Allen recommends starting your backyard hunt at eye level, on the bark of trees and shrubs. Look for gray or brownish patches — or even splotches of yellow, a hallmark of goldspecks (Candelariella) and candleflame (Candelaria concolor).

Next, look at areas around the base of woody plants, where extra humidity may support lichen. And have a careful look in the cracks and crevices of unpainted wood furniture and between panels of wood fencing.

Stone walls are common substrates as well, and concrete can be home to lichens like sidewalk firedot (Caloplaca feracissima), “a very lovely yellow-to-orange one that literally grows under your feet,” Allen said.

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But even with lichens that you can see from a distance: Get closer and use a magnifying lens. “Then the magic really happens,” she said, “to reveal patterns, variations in color and some crustose types that are otherwise hidden.”

What’s in a name?

There are more than 25,000 known lichen species globally, with about 300 to 400 new ones identified every year. In New York City alone, there are about 120 — a sharp increase from a century ago, thanks to cleaner air.

Despite what Lendemer calls their “often-humble common names,” like Old Gray Dust, Board-Dweller and Curly Biscuits, lichens can have lofty — or positively celestial — associations. The biblical manna from heaven was a lichen.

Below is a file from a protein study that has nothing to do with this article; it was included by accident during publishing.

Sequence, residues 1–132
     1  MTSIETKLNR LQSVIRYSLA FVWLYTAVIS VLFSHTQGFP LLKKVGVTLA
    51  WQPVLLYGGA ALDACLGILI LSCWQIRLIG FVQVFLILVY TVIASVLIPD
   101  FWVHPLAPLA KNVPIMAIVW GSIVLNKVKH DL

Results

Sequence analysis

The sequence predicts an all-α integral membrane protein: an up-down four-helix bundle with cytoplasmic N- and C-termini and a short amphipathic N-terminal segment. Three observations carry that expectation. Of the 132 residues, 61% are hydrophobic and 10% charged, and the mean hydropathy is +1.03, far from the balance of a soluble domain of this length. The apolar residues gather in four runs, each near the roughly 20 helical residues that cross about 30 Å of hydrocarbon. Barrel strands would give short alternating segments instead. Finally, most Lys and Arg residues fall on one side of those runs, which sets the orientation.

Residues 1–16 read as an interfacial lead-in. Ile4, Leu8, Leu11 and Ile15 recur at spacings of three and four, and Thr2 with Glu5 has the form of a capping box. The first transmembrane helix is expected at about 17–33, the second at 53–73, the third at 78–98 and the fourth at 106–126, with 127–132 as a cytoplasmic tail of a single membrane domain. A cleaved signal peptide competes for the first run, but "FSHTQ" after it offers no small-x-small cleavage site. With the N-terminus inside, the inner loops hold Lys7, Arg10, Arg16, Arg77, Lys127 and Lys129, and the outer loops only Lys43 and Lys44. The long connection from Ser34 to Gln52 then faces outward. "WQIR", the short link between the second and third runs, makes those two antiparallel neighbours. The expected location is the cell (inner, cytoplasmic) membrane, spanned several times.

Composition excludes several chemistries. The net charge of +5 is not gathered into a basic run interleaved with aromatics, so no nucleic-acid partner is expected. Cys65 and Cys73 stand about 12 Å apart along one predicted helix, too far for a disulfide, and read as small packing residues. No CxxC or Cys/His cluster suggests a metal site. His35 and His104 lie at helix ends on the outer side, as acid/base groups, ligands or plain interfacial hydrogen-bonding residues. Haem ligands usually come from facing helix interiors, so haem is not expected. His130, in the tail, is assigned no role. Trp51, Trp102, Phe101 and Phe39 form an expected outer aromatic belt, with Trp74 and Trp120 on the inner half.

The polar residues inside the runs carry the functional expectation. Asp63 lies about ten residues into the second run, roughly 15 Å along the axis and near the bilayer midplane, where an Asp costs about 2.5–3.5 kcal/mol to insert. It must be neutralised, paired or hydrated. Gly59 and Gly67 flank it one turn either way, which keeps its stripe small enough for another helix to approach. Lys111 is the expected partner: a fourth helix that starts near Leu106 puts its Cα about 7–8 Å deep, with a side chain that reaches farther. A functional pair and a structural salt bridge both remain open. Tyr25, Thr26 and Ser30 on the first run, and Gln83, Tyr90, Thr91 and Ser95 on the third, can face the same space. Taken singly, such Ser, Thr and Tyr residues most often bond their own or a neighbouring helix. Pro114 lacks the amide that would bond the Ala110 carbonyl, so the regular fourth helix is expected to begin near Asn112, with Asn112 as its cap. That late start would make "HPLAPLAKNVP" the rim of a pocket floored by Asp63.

And sometimes even the formal Latin names can be fun.

Although Lendemer remains in New York and Allen is in Cheney, Washington, they continue to do fieldwork together. Regular trips to the Southeast, the area of greatest lichen diversity in the United States, have led to a joint discovery of two previously unknown species there.

They named them for two famous daughters of the South: In 2019, they dubbed one Hypotrachyna oprah, to honor Oprah Winfrey, and in 2015, Japewiella dollypartoniana was their nod to Dolly Parton.

Life expectancy: extra-long

A final piece of advice: Don’t ask a lichenologist how to “fix” the lichen on the bark of your trees.

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Lichens do not harm their substrates, or take nutrients from the trees or shrubs they attach to. Look, but do not disturb them; take a photo, not a sample. Live and let live.

Because live, they do — a long life and then some. “If you can see a lichen without magnification, and it’s a couple of inches across, it’s probably 20 or 30 years old,” Allen said. “Lichens keep growing until something around them shifts.”

That decades-old colony you’re looking at? Think back even further, she said, to the parent colony that came before it, on a nearby tree, and the parent before that, “forming a long, unbroken lineage back in time.”

Lichens counter the traditional narrative, the pair agreed.

“They do things differently, which I think is why so many people are attracted to them,” Lendemer said. “With animals, you can see how many generations there have been. But with lichens, it’s nonlinear, and not how we’re taught to see the world.”

Celebrate the difference, the lichenologists say. Celebrate their staying power.